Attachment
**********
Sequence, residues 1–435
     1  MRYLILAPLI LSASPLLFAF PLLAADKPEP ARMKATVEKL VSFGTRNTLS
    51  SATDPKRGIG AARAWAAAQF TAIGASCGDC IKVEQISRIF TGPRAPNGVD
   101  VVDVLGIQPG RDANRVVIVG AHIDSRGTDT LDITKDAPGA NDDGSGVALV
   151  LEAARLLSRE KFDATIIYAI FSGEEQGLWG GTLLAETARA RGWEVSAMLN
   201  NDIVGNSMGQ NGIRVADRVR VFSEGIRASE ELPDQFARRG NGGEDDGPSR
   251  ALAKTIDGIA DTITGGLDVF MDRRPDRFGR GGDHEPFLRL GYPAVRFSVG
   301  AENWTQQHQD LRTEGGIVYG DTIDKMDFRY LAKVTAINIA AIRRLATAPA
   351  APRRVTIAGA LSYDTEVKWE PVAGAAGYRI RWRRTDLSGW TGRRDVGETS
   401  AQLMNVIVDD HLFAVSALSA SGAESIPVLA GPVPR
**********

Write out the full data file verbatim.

Sequence, residues 1–435
     1  MRYLILAPLI LSASPLLFAF PLLAADKPEP ARMKATVEKL VSFGTRNTLS
    51  SATDPKRGIG AARAWAAAQF TAIGASCGDC IKVEQISRIF TGPRAPNGVD
   101  VVDVLGIQPG RDANRVVIVG AHIDSRGTDT LDITKDAPGA NDDGSGVALV
   151  LEAARLLSRE KFDATIIYAI FSGEEQGLWG GTLLAETARA RGWEVSAMLN
   201  NDIVGNSMGQ NGIRVADRVR VFSEGIRASE ELPDQFARRG NGGEDDGPSR
   251  ALAKTIDGIA DTITGGLDVF MDRRPDRFGR GGDHEPFLRL GYPAVRFSVG
   301  AENWTQQHQD LRTEGGIVYG DTIDKMDFRY LAKVTAINIA AIRRLATAPA
   351  APRRVTIAGA LSYDTEVKWE PVAGAAGYRI RWRRTDLSGW TGRRDVGETS
   401  AQLMNVIVDD HLFAVSALSA SGAESIPVLA GPVPR